The Fate of Africa's Democratic Experiments: Elites and Institutions -- Unstable Democracy in Niger

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Edited by Leonardo A. Villalón and Peter VonDoepp; published by Indiana University Press. You can purchase a copy of this book from IU Press at: Does Western-style democracy have a future in Africa? Does democracy make sense in the various geographical, economic, and social settings of the continent? How far towards democracy have recent liberalization movements gone? In The Fate of Africa's Democratic Experiments, Leonardo A. Villalón, Peter VonDoepp, and an international group of contributors consider the aftermath, success, failure, and future of the wave of democracy that swept Africa in the early 1990s. In some countries, democratic movements flourished, while in others, democratic success was more circumscribed. This detailed analysis of key political events in countries at the forefront of democratic change -- Benin, Central African Republic, Congo, Guinea-Bissau, Madagascar, Malawi, Mali, Mozambique, and Zambia -- provides for broadly representative continental and linguistic coverage of directions and prospects for Africa's democracies. (Chapter 2 is titled Repetitive Breakdowns and a Decade of Experimentation: Institutional Choices and Unstable Democracy in Niger) Contributors are Michael Chege, John F. Clark, Joshua B. Forrest, Abdourahmane Idrissa, Bruce A. Magnusson, Carrie Manning, Richard R. Marcus, Andreas Mehler, David J. Simon, Leonardo A. Villalón, and Peter VonDoepp. Leonardo A. Villalón is Director of the Center for African Studies and Associate Professor of Political Science at the University of Florida. He is author of Islamic Society and State Power in Senegal. Peter VonDoepp is Assistant Professor of Political Science at the University of Vermont. He has published numerous articles on political transition and civil society in Africa. ISBN 0-253-21764-4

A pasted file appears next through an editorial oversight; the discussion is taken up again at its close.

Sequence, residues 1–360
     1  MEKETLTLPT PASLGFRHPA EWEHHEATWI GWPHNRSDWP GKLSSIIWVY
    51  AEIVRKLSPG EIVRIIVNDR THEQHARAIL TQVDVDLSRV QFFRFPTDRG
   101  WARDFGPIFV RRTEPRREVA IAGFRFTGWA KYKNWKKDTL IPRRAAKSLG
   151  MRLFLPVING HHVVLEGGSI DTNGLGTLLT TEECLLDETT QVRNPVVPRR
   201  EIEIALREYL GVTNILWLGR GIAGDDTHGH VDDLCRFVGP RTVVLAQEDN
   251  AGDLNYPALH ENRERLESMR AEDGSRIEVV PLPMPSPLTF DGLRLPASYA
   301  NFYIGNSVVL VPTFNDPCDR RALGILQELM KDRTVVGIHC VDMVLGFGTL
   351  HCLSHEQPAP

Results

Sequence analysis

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  2Repetitive Breakdowns anda Decade of Experimentation Institutional Choices andUnstable Democracy in Niger  Leonardo A. Villalónand Abdourahmane Idrissa In contrast to most other African countries, Niger never enjoyed even the brief mirage of a multiparty democracy before the 1990s. In spite of an intense party com-petition within the colonial context in the 1950s, under the regime of Hamani Diorithe consolidation of single-party rule and the personalization of power had alreadybegun—with French collusion—even before independence in 1960 (Charlick1991, 40–62). Diori’s reign itself was ended in 1974 by a coup that brought to powera military regime under Lieutenant Colonel Seyni Kountché. Kountché attemptedto capitalize on a boom in uranium export prices to consolidate power via the elab-oration of a corporatist state apparatus, but his regime otherwise representedsignificant continuities in terms of its authoritarian nature (Robinson 1991). Although Kountché always presented his rule as a régime d’exception, whose even-tual goal was the re-establishment of “republican” (i.e., democratic) institutions, itwas only after his death in 1987 that the first tentative steps toward the liberaliza-tion of politics were undertaken by his successor, Ali Saïbou. The “constitutionalnormalization” launched by Saïbou, however, was intended as a carefully controlledprocess under the tutelage of a hierarchically institutionalized single party, neverdescribed by the regime itself in terms of “democratization” (Charlick 1991, 76). And yet despite this bleak history, and like much of Africa, Niger found itself caught up in the worldwide “wave” of pro-democracy agitation and protest in theearly 1990s. Unable to master the situation, Saïbou was obliged in 1991 to agree tothe holding of a National Conference, a turbulent affair, but one that managed toestablish “democracy” as the sole legitimating standard for subsequent regimes. Whathas particularly distinguished Niger even in Africa, however, has been the extraor- 27  dinary turbulence of the effort to actually meet that standard, and the dramatic swingsin a decade-long, political roller coaster ride. A count of the decade’s major eventsreads like a litany of chaos: four republics, and hence four constitutions with pres-idential or semipresidential regimes; three transitions of six, nine, and eighteenmonths; one National Conference and a Committee on Fundamental Texts; one Fo-rum for Democratic Renewal; one Technical Constitutional Committee; a Consul-tative Council of Elders; three constitutional referenda and eight other national elec-tions; four heads of state and one president of a High Council of the Republic; fourNational Assemblies; nine prime ministers; at least one hundred and fifty ministers;one civilian coup d’état; two military coups d’état; one electoral boycott; one strikeby the president and one strike by parliamentarians; one campaign of civil disobe-dience; and one dissolution of the National Assembly. All this has taken place againsta background of armed rebellions and communal and rural conflicts (Idrissa 2000).Niger’s unending experimentation over the decade of the 1990s has produced awealth of empirical grist for the theoretical mills of political analysts who are con-cerned with the question of democracy in Africa. 1 The country’s recent turbulent history of democratic experimentation suggestsmuch, in terms of our thinking, of what the “democratic wave” has meant southof the Sahara. In many ways Niger has presented a puzzle to political analysts at-tempting to catalogue the effects of this democratic wave on the continent. In themid-1990s, the country appeared to many to be among the successful cases of dem-ocratic transitions, and in the most comprehensive effort to date to explain the vari-ations in African “democratic experiments,” Bratton and van de Walle classified itas such. 2 The extraordinary political difficulties that marked the new regime fromits inception, however, and its denouement with a coup in 1996, quickly led tothe country being invoked instead as an example of the limitations of democracyin Africa, variously signaling to some scholars that it was the end of the democraticwave, and suggesting to others the corrective proof of the premature nature of ear-lier optimistic pronouncements about the inevitability—or even the possibility—of African democracy. And yet by the end of the decade the country surprisingly found itself once againdebating and approving a democratic constitution, holding elections deemed largely“free and fair,” and inaugurating a new—this time the fifth—republic. This latest“transition,” however, is if anything even more puzzling and difficult to label. Inmany ways it appears to be simply a replay of the events of 1992–93, carried outunder virtually the same circumstances, with a barely modified set of rules and aremarkably similar cast of actors and political parties. Has the country come fullcircle, back to the point of departure? Or have we witnessed instead an evolutionto a new experiment with greater chances of success? Contemporary Niger, it seems,vividly illustrates what may be emerging as the most interesting and somewhatparadoxical reality of the democratic question on the continent: the extraordinarypersistence of a democratic ideal in the face of the manifest extreme fragility of thedemocratization project.The label of “democracy” in Niger (and by extension in much of Africa), we will THE FATE OF AFRICA’S DEMOCRATIC EXPERIMENTS 28  argue below, must at best still be used with caution. Yet clearly the political gamebeing played in the past decade differs markedly from the rules that defined poli-tics in the first three decades of independence. Close consideration of the Nigerienexperience suggests that an understanding of the consequences of the period of political change on which African countries have embarked, and the attendant so-cial transformations, requires a more nuanced analysis than has been provided bymeasures of the relative success or failure of “transitions to democracy.” Politicalstruggles in the country have been dominated by questions concerning the distri-bution of power both among elites and between elites and populations, all underthe rubric of democracy. This has been played out at two levels: first, as debatesamong political elites— la classe politique —about the formal institutions of democ-racy and struggles for their control; and second, in the struggle between elites andmass social groups concerning the substance of democracy as a normative model.Many scholars of democracy have argued that, in Guillermo O’Donnell’s for-mulation, “the installation of a democratically elected government opens the wayfor a ‘second transition,’ often longer and more complex....from a democrati-cally elected  government to an institutionalized, consolidated democratic regime ”(O’Donnell 1994, 56). Alternatively, however, O’Donnell has noted that two otherscenarios are possible: a democratic government may oversee a regression to au-thoritarian government, or it may stagnate as a non-institutionalized “delegativedemocracy,” maintaining procedural democratic elements but not consolidating thesubstance of democracy. Niger’s initial transition to an elected democratic govern-ment, by contrast, did not produce any of these outcomes: neither consolidation,nor collapse, nor the persistence of a non-consolidated, “delegative” democracy.Rather, from the perspective of a decade, the country might best be characterizedas having engaged in a virtually continuous process of transition.The paradox of Niger’s instability along with its seeming extraordinary com-mitment to an elusive democracy can only be understood in terms of the re-configuration of political forces in the crucial juncture of the early 1990s, 3 espe-cially by the process of the National Conference and by twin aspects of its legacy.On the one hand has been the rise to prominence of a civilian political elite, whichis fatally divided about the sharing of power and the institutions for doing so. Onthe other hand, this elite has demonstrated itself to be fundamentally united arounda shared normative conception of democracy, but one which places it at odds withstrong social forces that have themselves been created and politicized by the pe-riod of democratic experimentation. In this chapter, we focus primarily on the firstof these aspects: the nature of the elite struggles and the institutional debates thathave produced this turbulent history. The second issue, the clash of world-viewsthat has grown out of the politicization of social—notably religious—groups as re-sponse and reaction to the efforts at democratization, can be only briefly evokedbelow. This focus is merited, we would argue, in that the effort to end authoritar-ianism in Niger in the early 1990s must in fact be seen primarily as a power strug-gle among elements of an urban elite, and not as a popularly driven uprising againstthe regime. Repetitive Breakdowns and a Decade of Experimentation 29  From an Authoritarian Legacy to a Democratic Agenda  As in neighboring Benin and Mali, from which the model was borrowed andthe inspiration drawn, the National Conference in Niger represented a significantrupture with the past (Eboussi-Boulaga 1993; Robinson 1994b). It grew, however,out of a preceding period of prolonged agitation by politicized social groups, par-ticularly students and labor unions, in a context of intense economic crisis, indeedvirtual economic collapse. And this agitation, in turn, had emerged in response tothe tentative political liberalization (“ décrispation, ” as it was dubbed by the Nige-rien press) started by Ali Saïbou after Kountché’s death. While unwilling to relin-quish power, Saïbou had attempted a legitimization of his beleaguered regime byinitiating a return to a constitutional order of “democratic one-party rule” underthe Mouvement Nationale pour la Société de Développement (MNSD). The new con-stitution was approved by referendum in October 1989, inaugurating what wasdeclared to be the “Second Republic.” In accordance with its provisions, Saïbouthen had himself approved as president by a reported 99.6 percent of voters, andthe ninety-three deputies to a National Assembly presented as a single list by theMNSD were similarly “elected” by 99.52 percent.This experiment, however, was to be short-lived. Within less than two monthsthe Saïbou regime was faced with massive protests in response to its efforts to im-pose the structural adjustment reforms demanded by the International MonetaryFund (IMF) as preconditions for continued financing of the bankrupt state (Ger-vais 1995). Most vociferously, the national student association, the Union des Sco-laires Nigériens (USN), protested against proposed cuts in the budget for higher ed-ucation and limits in the recruitment of graduates into the civil service. If therewas a clear turning point in the regime’s capacity to maintain control, it came withthe violent repression of a student demonstration in Niamey on February 9, 1990,in which at least three—and perhaps many more—students were killed. 4 The daysand months that followed witnessed the most massive social protests and strikesin the country’s history, with upward of 100,000 people periodically demonstrat-ing in the streets of Niamey. By midyear, the first independent newspaper in thecountry’s history, Haské, began publishing. Its critical and independent editorialline immediately centered on a call for a National Conference and the elaborationof a multiparty democratic system.By November 1990, Saïbou was obliged to agree to holding a National Confer-ence, but there followed several months of maneuvering concerning control of theprocess. In January of 1991 the major labor union federation in the country, the Union des Syndicats des Travailleurs du Niger (USTN), once part of the state’s cor-poratist institution, dealt the regime a major blow when it renounced its officiallink to the MNSD. Continued protest and agitation, further fueled by popular angerand demonstrations against Niger’s participation in the American-led coalition inthe 1991 Gulf War, eventually tipped the balance in favor of the opposition forces,which were able to dictate the terms for convening the conference. What is par-ticularly salient about this period, however, is the nature of the social forces that THE FATE OF AFRICA’S DEMOCRATIC EXPERIMENTS 30